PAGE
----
(Bloomberg) -- Criminals launched more websites to trick people into giving up data, downloading malware and sending them money during 2020, taking advantage of pandemic lockdown by pretending to be celebrities, shops and government agencies, according to the U.K.’s National Cyber Security Centre.

The NCSC took down 700,595 malicious campaigns last year, 15-times more than a year earlier as the number of scams increased and the service began targeting new types of activity, the agency said in a report published on Monday. Attacks were also active for longer on average, the agency said.

The Covid-19 pandemic led to a surge in malicious hacking and phishing attempts globally as fraudsters took advantage of more people working from home, which led to weaknesses in corporate security, and fears about the virus that made some more vulnerable to clicking on links that purported to have information about the disease.

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A popular tactic for defrauding people during lockdowns was to impersonate the U.K. government, with pages pretending to be tax or health authorities to exploit people searching for information amid upheavals including Brexit and emergency coronavirus measures. U.S. domain host NameCheap hosted almost a third of this category, according to the report.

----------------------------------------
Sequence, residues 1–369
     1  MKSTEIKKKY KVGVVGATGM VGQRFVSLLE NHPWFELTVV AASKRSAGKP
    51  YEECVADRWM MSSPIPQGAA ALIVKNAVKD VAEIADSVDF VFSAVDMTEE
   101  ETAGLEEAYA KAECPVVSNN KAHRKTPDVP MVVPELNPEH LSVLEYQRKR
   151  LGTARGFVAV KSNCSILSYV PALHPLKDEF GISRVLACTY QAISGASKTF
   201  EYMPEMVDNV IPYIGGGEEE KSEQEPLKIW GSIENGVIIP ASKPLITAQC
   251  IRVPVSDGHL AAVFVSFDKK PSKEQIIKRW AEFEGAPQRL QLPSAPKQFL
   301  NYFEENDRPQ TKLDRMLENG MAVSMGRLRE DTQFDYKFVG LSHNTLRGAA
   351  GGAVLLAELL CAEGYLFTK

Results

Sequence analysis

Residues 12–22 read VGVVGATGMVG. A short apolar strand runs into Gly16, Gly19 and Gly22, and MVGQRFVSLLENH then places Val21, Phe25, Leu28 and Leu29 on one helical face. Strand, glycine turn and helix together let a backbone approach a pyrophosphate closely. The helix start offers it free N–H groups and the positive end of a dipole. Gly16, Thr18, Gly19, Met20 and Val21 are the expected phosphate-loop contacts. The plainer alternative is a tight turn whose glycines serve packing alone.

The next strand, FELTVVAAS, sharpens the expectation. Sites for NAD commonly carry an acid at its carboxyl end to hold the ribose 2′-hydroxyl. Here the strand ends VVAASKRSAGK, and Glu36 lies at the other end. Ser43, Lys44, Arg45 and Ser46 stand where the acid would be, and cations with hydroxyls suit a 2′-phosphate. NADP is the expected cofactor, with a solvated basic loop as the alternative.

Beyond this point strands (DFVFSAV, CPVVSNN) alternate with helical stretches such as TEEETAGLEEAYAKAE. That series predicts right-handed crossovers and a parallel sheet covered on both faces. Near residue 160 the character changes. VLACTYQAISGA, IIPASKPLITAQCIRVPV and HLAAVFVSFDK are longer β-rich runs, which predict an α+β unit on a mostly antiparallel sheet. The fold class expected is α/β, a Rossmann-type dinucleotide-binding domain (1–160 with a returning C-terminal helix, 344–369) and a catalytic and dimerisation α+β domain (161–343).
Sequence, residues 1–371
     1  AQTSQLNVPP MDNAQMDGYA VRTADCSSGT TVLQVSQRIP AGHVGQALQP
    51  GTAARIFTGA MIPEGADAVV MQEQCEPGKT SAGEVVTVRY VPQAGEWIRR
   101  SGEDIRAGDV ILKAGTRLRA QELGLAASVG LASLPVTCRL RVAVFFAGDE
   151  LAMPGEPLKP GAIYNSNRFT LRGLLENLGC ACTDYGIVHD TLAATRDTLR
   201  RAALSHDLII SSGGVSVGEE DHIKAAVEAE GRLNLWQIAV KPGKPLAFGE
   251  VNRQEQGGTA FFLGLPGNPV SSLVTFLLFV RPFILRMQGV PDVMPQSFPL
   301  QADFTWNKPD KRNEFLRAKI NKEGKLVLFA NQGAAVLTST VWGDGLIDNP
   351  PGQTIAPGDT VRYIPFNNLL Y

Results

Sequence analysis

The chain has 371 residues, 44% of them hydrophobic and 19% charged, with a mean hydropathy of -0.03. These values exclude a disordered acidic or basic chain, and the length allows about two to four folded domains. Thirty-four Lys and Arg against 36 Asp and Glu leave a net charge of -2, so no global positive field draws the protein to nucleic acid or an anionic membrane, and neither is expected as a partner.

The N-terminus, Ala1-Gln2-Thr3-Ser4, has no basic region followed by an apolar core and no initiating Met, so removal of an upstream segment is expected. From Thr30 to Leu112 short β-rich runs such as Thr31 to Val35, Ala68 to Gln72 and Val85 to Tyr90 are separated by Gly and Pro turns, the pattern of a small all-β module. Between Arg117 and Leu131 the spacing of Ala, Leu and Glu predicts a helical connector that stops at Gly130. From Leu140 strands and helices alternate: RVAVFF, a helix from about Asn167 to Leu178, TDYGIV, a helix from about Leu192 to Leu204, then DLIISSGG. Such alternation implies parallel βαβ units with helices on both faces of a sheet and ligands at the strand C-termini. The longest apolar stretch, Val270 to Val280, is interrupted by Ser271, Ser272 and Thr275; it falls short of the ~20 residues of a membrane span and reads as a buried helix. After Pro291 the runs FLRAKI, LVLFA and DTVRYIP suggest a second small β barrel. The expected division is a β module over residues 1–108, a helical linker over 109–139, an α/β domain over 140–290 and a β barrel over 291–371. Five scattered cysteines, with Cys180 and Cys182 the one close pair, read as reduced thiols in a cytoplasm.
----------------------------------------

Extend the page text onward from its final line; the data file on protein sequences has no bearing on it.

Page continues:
“By mid-year, the median take-down times were consistently in excess of 60 hours,” the NCSC said regarding the campaigns hosted by the company. “This undoubtedly made NameCheap an attractive proposition to host phishing and may explain the rise in monthly hosted campaigns that followed.”

Some 46.4% of schemes impersonating celebrity endorsements from the likes of billionaire Richard Branson came from servers owned by the Seattle-based tech giant Amazon.com Inc., which is a dominant player in the hosting market. They were taken down in a median of 19 hours following requests from the British cyber security agency, giving Amazon one of the fastest response times for this type of scam.

One such scam relied on a fake news article which fabricated Branson quotes extolling the benefits of an alleged crypto-currency platform, while another spoofed a Bitcoin trading platform endorsement by British financial expert Martin Lewis, with made-up quotes such as, “Brits are using this to make an average of 450 pounds a day and quitting their jobs!”

A representative for Amazon didn’t immediately respond to a request for comment outside regular business hours. A representative for NameCheap didn’t have an immediate comment.

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